The Liberace Show
long-running hit series in the USA and straight from a European tour, Liberace arrived at Elstree. Despite jokey early derision,
he quickly won over everybody with his geniality and sheer professionalism. From a sound perspective, he was a joy to work
with. The middle part of the hour show was the Concert Spot. With a sixty-piece orchestra behind his special personalised
Baldwin piano, Lee, dressed in one of his famous heavy brocade glittering suits would proceed to play any one of the popular
classics before four cameras almost invariably in one take. Interestingly, I never saw classically-trained Liberace read a
note of music throughout the three months on site. Three concert spots of approximately twenty minutes each were recorded
in one short day to avoid the set having to be erected every week. The specially made Baldwin piano was something that Liberace
was proud of. He always told his audiences that there were only two in the whole world - and he had both of them
After the very first concert spot recording, he was invited up to sound control
for a replay. The brocade suits were very heavy and even the walk up the sound stairs was arduous. My sound console was a
hundred-channel Rupert Neve desk. To reach both ends of the desk, a sliding chair had been installed on a six-foot track.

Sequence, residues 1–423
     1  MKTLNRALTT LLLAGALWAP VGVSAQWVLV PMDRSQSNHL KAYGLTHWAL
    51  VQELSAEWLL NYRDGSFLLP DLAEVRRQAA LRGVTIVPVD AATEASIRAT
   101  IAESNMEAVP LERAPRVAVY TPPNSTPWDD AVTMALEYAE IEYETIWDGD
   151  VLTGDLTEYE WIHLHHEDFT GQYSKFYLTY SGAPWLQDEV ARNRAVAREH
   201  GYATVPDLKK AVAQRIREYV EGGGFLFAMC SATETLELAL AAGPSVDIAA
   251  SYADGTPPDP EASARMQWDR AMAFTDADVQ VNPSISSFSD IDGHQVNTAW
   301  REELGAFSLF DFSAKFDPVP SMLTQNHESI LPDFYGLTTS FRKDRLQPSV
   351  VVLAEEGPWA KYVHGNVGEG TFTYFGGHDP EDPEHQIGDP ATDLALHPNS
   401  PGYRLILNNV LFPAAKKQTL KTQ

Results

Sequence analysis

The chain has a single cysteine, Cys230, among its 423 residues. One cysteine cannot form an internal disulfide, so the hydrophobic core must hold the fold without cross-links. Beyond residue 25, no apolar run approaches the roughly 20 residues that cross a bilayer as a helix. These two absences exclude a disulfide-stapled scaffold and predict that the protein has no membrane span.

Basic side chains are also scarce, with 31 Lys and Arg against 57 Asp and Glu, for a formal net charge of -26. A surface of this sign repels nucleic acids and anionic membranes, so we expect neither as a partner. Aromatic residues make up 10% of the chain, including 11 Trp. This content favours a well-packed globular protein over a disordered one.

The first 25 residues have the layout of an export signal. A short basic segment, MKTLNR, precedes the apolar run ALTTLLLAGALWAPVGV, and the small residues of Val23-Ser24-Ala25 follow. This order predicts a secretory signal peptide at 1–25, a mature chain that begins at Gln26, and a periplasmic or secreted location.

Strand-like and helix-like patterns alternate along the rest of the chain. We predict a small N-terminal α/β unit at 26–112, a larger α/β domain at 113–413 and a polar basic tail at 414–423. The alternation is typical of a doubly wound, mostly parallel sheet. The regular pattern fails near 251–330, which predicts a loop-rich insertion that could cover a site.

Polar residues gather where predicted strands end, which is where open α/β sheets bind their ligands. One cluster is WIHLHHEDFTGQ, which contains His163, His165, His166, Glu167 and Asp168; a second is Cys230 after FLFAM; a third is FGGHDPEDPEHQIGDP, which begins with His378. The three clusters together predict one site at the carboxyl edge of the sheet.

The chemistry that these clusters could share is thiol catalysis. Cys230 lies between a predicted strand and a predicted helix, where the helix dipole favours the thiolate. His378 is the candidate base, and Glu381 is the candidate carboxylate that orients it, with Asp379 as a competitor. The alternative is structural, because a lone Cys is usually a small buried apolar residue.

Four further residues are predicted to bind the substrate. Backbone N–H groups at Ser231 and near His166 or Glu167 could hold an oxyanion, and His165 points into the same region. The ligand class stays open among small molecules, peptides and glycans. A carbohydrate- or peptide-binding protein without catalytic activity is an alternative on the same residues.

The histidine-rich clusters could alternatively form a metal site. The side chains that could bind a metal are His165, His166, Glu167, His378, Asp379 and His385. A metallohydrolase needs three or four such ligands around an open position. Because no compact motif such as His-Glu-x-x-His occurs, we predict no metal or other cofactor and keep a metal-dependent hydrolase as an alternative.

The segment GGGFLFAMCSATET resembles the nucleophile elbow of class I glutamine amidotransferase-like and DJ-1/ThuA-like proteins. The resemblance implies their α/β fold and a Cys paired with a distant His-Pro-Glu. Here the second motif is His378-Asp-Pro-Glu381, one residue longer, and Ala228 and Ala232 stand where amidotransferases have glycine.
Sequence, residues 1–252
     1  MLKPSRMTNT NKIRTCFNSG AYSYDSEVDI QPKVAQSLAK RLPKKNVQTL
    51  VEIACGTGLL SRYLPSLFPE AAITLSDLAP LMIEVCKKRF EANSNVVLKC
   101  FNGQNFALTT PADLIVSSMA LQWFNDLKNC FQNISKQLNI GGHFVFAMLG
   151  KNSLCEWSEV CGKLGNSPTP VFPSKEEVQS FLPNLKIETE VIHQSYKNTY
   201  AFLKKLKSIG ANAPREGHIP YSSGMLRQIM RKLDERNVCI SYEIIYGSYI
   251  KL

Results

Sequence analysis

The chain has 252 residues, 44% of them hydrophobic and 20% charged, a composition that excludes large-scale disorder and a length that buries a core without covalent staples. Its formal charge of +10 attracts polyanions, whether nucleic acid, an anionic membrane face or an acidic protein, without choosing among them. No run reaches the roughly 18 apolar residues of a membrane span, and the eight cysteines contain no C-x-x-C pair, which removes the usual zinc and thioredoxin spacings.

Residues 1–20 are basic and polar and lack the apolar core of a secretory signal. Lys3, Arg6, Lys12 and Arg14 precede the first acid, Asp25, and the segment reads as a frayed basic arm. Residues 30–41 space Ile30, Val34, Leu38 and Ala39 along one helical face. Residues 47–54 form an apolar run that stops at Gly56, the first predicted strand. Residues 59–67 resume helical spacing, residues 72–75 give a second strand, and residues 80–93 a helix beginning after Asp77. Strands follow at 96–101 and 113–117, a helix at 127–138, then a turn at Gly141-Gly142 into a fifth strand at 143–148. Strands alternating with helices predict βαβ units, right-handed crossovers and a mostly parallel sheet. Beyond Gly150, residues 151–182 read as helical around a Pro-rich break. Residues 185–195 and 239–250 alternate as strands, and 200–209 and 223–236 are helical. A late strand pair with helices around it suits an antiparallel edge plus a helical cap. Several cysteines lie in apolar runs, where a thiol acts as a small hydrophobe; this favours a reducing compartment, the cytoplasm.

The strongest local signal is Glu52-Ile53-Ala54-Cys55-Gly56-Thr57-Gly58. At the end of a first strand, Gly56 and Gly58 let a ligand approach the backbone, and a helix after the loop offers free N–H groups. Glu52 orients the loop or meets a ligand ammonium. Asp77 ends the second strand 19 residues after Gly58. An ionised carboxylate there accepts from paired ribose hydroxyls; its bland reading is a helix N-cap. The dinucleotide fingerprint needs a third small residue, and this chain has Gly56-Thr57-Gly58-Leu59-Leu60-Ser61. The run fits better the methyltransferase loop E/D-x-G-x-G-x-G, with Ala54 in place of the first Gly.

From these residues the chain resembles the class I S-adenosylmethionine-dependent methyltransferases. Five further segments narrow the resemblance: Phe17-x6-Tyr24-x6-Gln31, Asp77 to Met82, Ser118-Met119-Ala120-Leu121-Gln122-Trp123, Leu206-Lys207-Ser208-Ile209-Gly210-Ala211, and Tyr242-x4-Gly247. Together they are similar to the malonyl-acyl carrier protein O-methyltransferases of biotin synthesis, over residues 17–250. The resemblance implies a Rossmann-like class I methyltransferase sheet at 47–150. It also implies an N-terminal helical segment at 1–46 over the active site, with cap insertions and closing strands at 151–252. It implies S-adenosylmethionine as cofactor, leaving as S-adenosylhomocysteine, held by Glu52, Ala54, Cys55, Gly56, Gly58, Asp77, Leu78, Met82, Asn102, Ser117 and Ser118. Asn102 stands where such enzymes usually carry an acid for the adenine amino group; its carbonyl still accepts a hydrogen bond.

Lee sat in this chair and after joyfully sliding himself from side to side, greatly admired the desk, likening it to a Boeing
747 flight deck. I remarked that there were only two in the whole world, and he quickly interrupted saying ‘I know,
and you've got both of them. His laughter was infectious.
point, he had made a slight error in the Tchaikovsky 4th. When director Colin Clewes asked him if he wanted a re-take, he
replied, after a pause, ‘No, I think I'll quit while I'm ahead'. I had given his piano a very sharp
top end sound, which he commented on and admired. ‘Especially' he remarked ‘as I can't see any microphones'
(so, he noticed?) I had hidden three mics in the body of the piano, one top end, one mid and the third at the bottom
far end of the enormously long Baldwin piano. The level produced by the piano was such that even when all three microphones
were faded up, no other sounds infiltrated, not even the sixty-piece orchestra. Totally unseen in shot, all the cabling for
these microphones came out of the bottom end of the instrument down the hidden back leg and with the complicity of the design
department disappeared under the rostrum floor.
.Colin Clewes and his wife Joy had
just been presented with a baby boy. They named him Lee, and Liberace happily became the Godfather.I can think of no nicer
guy, no more talented an entertainer than Liberace and I wish that we could all see, and enjoy, programmes of this stature
again. More on this in CUE TAPE PLEASE, TED'